Literature 101

Literature 101: Plot

Literature 101
Literature 101 is a ten-part course based on 10 Literary Concepts Every Reader Should Know.


Plot is, at its most basic level, what happens in a story. More specifically, it is the causal sequence of events in a story.


Aristotle described plot as “that which has a beginning, a middle, and an end.” Accordingly, plots are often divided into three main sections or “acts” as illustrated in the chart below.

I. BEGINNING – The first act contains both the exposition, or the set-up, as well as the rising action, in which complication introduces some sort of conflict for the main character.

II. MIDDLE – The second act consists largely of the development of the conflict and concludes with the climax, the moment of greatest emotional tension in a narrative, usually marking a turning point in the plot at which the rising action reverses to become the falling action.

III. END – The third act is the falling action (or denouement), which is characterized by diminishing tensions and the resolution of the plot’s conflicts and complications.

Of course, though many plots have a general structure similar to that outlined above, there are many, many different plot structures.


Okay, great. Every story has a plot structure, but how can a better understanding of plot positively affect our reading?

I believe that identifying plot structure can effectively allow the reader to see “the big picture” of a book or story. When I try to identify plot elements, say the conflict in a story or the climax, I can then better evaluate whether those elements “worked” in the larger context of the story – whether those elements served to move the plot forward or to simply confuse me and the characters. Generally speaking, working through plot structure is not a necessary reading activity. However, it can allow us, as readers, to evaluate how the story and structure worked together, and, if necessary, identify areas where the story didn’t work.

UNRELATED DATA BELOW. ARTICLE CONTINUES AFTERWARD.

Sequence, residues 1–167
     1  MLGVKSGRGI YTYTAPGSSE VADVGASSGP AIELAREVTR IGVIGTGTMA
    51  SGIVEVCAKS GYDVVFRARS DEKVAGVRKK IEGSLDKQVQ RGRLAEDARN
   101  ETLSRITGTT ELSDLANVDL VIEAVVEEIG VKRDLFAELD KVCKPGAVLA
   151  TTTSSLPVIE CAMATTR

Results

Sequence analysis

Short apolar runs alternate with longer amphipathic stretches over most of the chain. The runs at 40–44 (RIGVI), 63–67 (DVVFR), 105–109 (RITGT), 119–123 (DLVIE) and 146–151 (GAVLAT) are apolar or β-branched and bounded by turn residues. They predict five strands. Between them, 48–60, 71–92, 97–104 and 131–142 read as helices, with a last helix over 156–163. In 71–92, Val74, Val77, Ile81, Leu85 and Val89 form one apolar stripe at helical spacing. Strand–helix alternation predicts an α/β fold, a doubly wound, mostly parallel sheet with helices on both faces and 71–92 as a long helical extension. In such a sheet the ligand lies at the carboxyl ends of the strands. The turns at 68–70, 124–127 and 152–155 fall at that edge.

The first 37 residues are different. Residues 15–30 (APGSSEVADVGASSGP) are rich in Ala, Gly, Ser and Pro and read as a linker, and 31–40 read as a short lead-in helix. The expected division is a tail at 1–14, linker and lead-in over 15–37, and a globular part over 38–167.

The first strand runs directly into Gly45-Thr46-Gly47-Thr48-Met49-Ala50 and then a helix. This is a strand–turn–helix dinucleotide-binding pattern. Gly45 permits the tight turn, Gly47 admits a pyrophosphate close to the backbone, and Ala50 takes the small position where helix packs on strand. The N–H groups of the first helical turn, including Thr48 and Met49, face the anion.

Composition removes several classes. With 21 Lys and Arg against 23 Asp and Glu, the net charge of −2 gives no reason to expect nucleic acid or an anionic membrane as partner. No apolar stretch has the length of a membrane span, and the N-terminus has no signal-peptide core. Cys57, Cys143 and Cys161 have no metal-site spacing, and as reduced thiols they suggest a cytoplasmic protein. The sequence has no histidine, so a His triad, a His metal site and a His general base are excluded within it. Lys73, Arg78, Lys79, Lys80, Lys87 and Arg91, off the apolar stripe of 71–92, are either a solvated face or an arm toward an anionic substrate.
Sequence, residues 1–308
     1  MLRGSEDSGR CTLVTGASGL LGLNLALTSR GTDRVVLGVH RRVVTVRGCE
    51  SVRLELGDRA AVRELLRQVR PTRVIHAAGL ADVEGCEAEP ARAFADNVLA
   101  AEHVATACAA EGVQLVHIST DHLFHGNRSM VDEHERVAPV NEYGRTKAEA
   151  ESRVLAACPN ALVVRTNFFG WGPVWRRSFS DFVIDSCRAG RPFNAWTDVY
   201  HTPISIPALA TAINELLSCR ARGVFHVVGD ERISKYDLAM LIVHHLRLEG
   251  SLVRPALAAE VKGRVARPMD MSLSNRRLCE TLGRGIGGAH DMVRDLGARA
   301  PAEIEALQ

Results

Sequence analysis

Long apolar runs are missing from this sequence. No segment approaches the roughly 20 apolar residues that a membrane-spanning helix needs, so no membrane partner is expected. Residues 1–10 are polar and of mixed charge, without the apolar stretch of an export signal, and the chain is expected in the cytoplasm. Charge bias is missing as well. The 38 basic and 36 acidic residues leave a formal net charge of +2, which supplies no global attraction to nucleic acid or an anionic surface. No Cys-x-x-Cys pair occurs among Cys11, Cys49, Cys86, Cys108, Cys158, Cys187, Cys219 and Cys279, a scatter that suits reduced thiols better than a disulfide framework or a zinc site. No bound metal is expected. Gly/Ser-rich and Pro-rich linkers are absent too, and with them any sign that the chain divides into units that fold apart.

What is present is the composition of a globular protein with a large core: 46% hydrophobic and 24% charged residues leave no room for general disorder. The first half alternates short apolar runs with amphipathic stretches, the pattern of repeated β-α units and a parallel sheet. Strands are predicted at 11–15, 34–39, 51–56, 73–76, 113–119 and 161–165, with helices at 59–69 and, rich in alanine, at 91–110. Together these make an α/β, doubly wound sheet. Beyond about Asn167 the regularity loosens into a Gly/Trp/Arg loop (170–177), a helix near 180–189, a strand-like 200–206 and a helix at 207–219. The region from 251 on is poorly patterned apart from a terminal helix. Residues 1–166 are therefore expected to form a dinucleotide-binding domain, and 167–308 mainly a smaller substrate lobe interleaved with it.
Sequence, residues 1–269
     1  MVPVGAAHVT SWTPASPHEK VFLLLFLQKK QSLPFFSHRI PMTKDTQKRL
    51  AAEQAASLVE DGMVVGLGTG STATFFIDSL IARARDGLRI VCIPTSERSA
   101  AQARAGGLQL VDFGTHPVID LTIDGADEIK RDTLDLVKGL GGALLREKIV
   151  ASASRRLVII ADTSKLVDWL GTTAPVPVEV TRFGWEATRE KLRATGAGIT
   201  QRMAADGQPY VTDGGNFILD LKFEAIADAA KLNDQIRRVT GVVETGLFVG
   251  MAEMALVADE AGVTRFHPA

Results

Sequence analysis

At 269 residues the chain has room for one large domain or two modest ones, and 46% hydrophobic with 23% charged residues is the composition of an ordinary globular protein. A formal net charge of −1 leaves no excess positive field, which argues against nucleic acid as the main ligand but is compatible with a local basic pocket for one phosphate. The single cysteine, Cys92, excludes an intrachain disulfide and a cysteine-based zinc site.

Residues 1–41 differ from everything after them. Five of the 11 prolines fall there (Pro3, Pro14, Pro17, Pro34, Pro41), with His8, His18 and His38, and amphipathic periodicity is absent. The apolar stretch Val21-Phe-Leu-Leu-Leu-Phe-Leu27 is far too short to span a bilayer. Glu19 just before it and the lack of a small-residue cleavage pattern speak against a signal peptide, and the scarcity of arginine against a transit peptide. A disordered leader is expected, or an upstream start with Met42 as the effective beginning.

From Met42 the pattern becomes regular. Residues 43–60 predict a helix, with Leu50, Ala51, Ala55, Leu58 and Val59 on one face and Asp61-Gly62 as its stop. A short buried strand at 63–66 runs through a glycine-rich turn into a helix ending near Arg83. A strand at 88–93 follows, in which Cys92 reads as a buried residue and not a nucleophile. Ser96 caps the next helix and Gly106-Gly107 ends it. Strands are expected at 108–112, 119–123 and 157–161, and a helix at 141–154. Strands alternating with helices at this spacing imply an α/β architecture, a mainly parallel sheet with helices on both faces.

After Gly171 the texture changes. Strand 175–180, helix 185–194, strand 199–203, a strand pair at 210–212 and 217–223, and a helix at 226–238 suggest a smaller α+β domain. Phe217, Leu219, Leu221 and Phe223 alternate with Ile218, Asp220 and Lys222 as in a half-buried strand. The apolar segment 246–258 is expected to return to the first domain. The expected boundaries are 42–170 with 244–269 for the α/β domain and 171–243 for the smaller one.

Do you think plot structure should matter to readers?


FINNY, by Justin Kramon (Spoiler Lite)
I just finished Finny, by Justin Kramon. Helpfully, the book is self-divided into three sections:

I. “Growing Up” in which we meet Finny, our protagonist, and she meets Earl, the conflict.

II. “Reunions and New Friends” in which Finny faces many minor conflicts as she faces the major conflict – namely who she is and how Earl fits into her life. This section concludes with a climatic event that changes how Finny sees herself.

III. “From Here On Out” in which Finny “finds herself” and things are resolved.

PRIDE & PREJUDICE, by Jane Austen (Spoiler Ridden)
I struggled with placing this story into neat acts. Where do you think the acts begin and end?

I. The first act here is the set up. We meet Elizabeth and her circle and Mr. Darcy and his circle. The first act ends, in my opinion, at the ball when Mr. Darcy criticizes Elizabeth. (Or do you think it ends with Mr. Darcy’s first proposal to Elizabeth?)

II. The second act proceeds in a number of small conflicts: Jane and Mr. Bingley, Mr. Collins and Charlotte Lucas, and the first proposal of Mr. Darcy. The climax of the story occurs when Lydia runs off Wickham. (Or do you think it ends with the second proposal to Elizabeth?)

III. The third act wraps up the story with Mr. Darcy’s help with the Wickham situation coming to light and with the second (and final) proposal to Elizabeth. There is then some epilogue material about how Elizabeth and her sisters faired thereafter. (Or is this epilogue material the entire third act?)


First, how did your homework on genre go? Did you have a hard time fitting the books you’ve been reading into genres? Did identifying genres affect your reading or your reviews in any way?

Your assignment on plot is as follows:

1. Pick a book or two from your recently read pile.